As regards the Arts, Sir Kenneth Clark, the ex-Chairman of the Independent Television Authority, recently agreed to become Adviser to the Company and initiated a series of widely-acclaimed programmes on which he personally appeared. In the field of public affairs, the series of balanced but still highly controversial programmes, “Free Speech,” continued under the Chairmanship of Mr. Edgar Lustgarten, and the lectures of Mr. A. J. P. Taylor helped still further to widen the scope of Independent Television. The Company has, moreover, recognised its responsibility as a public service by the creation of a special programme unit equipped to deal at short notice with such important and emergent issues as Polio and the Cult of Tranquillizers. Meanwhile, in the general field of programming, Mr. Val Parnell’s “Sunday Night at the London Palladium” continues to maintain its place as a national institution and, to cite another example at random, the dramatic serial, “Emergency – Ward 10,” now enjoys an audience of some ten million viewers twice a week.

Future of British Television

Your Board has considered the Company’s future position in the field of British television as a whole and is firmly of the opinion that in television, as in other fields of life, competition is not only desirable but necessary. Accordingly, I am happy to place the Company on records as saying that it would welcome the introduction of a third television service – in competition with your Company’s own operations – and I feel that it would be in the best interests of the country if it were run on commercial lines. The fact that competition leads to better programmes has already been sufficiently proved. Television entertainment from all sources – including the British Broadcasting Corporation – has improved beyond all measure. New opportunities have been offered to artists, writers and technicians, and British television is, in consequence, richer in talent than it has ever been before. Moreover, in the result, the export business of British television programmes has, for the first time, been established on a substantial basis.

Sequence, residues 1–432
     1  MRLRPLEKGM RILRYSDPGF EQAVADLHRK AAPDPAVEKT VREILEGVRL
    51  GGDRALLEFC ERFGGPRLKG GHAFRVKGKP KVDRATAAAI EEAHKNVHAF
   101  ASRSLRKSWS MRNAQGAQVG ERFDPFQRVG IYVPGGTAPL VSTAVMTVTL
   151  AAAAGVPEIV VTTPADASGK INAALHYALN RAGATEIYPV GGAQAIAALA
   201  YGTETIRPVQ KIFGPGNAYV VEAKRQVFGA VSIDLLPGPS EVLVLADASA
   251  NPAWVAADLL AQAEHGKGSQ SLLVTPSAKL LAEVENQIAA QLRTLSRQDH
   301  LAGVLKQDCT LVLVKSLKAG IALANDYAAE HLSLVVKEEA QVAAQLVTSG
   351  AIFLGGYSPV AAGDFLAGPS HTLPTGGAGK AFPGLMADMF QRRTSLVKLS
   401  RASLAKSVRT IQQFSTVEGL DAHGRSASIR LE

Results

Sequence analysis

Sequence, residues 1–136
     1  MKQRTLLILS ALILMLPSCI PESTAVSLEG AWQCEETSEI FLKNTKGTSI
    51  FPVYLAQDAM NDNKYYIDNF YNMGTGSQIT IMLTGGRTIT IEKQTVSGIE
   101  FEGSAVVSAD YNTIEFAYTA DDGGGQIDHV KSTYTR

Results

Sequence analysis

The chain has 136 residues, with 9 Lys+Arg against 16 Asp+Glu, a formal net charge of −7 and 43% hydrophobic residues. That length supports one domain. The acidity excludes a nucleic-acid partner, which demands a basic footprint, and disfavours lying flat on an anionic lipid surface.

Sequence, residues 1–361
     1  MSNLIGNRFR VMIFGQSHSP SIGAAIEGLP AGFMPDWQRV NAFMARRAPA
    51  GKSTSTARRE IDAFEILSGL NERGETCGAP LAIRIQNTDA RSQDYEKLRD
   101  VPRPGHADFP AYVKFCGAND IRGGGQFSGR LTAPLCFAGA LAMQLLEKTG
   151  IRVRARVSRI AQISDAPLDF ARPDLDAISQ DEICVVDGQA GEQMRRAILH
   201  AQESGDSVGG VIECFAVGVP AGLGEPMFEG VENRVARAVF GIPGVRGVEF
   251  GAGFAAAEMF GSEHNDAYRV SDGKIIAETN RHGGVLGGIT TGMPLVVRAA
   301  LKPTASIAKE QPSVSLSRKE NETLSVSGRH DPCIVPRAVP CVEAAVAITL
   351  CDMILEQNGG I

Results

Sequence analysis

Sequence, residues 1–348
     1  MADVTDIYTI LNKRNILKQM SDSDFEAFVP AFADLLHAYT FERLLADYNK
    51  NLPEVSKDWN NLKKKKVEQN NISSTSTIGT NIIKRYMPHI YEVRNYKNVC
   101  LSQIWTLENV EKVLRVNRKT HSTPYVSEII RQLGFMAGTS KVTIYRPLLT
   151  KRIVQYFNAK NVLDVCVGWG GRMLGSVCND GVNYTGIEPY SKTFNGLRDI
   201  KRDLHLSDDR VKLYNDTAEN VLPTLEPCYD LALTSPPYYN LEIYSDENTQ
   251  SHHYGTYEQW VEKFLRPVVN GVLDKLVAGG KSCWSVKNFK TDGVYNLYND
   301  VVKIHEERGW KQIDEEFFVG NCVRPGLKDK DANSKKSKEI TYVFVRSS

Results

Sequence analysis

Your Company is at the moment unfortunately handicapped by the fact that its licence from the Independent Television Authority provides for no more than part-time working on two different transmitters, i.e. London and the Midlands. With a third television network run on commercial lines this unsatisfactory state of affairs could be remedied. It is your Company’s firm desire to provide the public of the Metropolis – and through the new network such parts of the country as wish to take the programmes – with an unbroken seven-day-a-week service, exhibiting to the full the potentialities of independent and truly competitive television.

Independent Television Authority

I would like also to refer to the Independent Television Authority, the statutory body set up by Parliament to administer the affairs of Independent Television as a whole. Under the able and experienced Chairmanship of Sir Ivone Kirkpatrick, as under the Chairmanship of his predecessor, Sir Kenneth Clark, the Authority continues to act in the fullest degree as guardian to Parliament and public alike. Moreover, the untiring efforts of the Authority’s Director-General, Sir Robert Fraser, have done more than the viewing public will ever realise to make a practical reality of the provisions of the Television Act of 1954.

In conclusion, I would like to express my gratitude to my colleagues on the Board for their unfailing assistance and advice and also to pay tribute to the loyal service rendered to the Company by the Executives and the Staff in both London and Birmingham.

About the author

As a public company with shareholders, ATV was required to publish a detailed Annual Report at the end of each financial year. It was common to also publish a Chairman's Statement, summing up the report in more readable language.